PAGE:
How To Recognize Depression in the Workplace

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Workplace depression costs employers billions each year. While employers cannot diagnose depression, they can be aware of the signs and encourage their employees to seek assistance.

Difficulty: Average

Time Required: N/A

Here's How:

  1. Educate yourself about depression. Depression is an illness, not a character flaw. When a person's illness is under control, they may be your best employee.
  2. When a person is depressed, they may stop caring about their own safety. Look for risk taking and proneness to accidents.
  1. A depressed person can go through a wide variety of moods, such as irritability, anger and sadness. They may become uncooperative or sulky.
  2. Be on the lookout for morale problems. Employees may express dissatisfaction with themselves, their home life, or their job.
  3. Depression can make a person feel fatigued. Listen for frequent statements of how tired they feel.
  4. Absenteeism may rise. Because it is not socially acceptable to take off work for depression, employees may frequently call in sick with other complaints, such as colds or flu.
  5. It is very common for those with untreated depression to self-medicate with drugs or alcohol.
  6. Look for signs of decreased productivity and loss of pride in work.
  7. People who ignores the stresses in their lives are most prone to psychosomatic illness. Listen for complaints of unexplained aches and pains.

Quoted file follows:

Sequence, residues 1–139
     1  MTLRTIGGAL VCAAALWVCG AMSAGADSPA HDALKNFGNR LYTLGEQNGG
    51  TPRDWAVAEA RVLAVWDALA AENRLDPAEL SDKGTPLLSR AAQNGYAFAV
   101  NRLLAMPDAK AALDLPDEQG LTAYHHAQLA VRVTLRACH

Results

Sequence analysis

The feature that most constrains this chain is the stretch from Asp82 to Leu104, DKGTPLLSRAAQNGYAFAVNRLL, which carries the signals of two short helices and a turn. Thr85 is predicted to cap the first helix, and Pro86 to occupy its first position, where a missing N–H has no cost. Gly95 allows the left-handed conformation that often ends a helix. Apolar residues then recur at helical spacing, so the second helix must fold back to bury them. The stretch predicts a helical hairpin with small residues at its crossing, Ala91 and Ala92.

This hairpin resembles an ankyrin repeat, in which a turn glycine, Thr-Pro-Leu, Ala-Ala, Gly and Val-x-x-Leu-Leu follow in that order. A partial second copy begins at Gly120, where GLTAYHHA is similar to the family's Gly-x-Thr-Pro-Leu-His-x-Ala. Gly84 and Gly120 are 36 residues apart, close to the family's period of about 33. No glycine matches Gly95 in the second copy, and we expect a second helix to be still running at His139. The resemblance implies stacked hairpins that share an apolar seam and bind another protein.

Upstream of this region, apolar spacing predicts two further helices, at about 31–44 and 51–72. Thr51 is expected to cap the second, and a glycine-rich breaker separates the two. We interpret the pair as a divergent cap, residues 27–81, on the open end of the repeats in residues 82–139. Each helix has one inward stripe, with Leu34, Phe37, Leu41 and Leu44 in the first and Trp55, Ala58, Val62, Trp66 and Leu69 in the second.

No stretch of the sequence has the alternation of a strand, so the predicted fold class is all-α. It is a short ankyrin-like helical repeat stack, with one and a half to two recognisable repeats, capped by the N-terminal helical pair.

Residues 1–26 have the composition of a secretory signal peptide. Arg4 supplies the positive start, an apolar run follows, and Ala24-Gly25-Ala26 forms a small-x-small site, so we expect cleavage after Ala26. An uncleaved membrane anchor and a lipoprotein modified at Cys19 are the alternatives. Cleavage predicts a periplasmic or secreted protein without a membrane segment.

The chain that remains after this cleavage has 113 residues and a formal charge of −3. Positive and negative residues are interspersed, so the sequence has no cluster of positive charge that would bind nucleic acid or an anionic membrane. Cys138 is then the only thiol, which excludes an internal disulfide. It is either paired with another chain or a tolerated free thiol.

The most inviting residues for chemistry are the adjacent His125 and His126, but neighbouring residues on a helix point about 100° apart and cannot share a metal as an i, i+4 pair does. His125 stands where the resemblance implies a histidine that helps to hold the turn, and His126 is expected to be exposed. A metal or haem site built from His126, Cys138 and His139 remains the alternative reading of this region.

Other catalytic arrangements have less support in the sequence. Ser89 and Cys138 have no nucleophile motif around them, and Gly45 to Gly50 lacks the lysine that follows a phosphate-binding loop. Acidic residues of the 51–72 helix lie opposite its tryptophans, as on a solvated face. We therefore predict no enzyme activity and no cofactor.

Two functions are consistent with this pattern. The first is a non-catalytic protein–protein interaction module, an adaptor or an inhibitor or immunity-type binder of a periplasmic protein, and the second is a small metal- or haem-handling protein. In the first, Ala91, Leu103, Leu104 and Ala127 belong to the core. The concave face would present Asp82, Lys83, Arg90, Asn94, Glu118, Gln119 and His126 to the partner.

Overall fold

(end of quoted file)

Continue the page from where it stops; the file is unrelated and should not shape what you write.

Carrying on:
8. Have a talk with your employee about the changes you have observed. Let them know that although you expect their performance to improve, you realize they may have some personal problems.
  1. Offer your employee information about what they can do to get assistance, such as counseling through an Employee Assistance Program (EAP).
  2. Be empathetic and non-judgmental, just as you would for any other illness.
  3. Set clear guidelines of what you expect from your employee. Be clear about what allowances company policy allows you to make for their illness.
  1. Reassure your employee that what they say to you and their counselor will be kept confidential.


  1. Do not try to diagnose depression yourself. Give your employee information about your company's EAP, if you have one, or recommend that they see a physician.
  2. A depressed person may need some special allowances, such as a flexible schedule, while they get well. Contact your Human Resources Director to learn what your company's policy is.
  3. Severe depression may be life-threatening to the employee. Take any suicide threats seriously and contact an EAP counselor or other professional for more information about what you should do.

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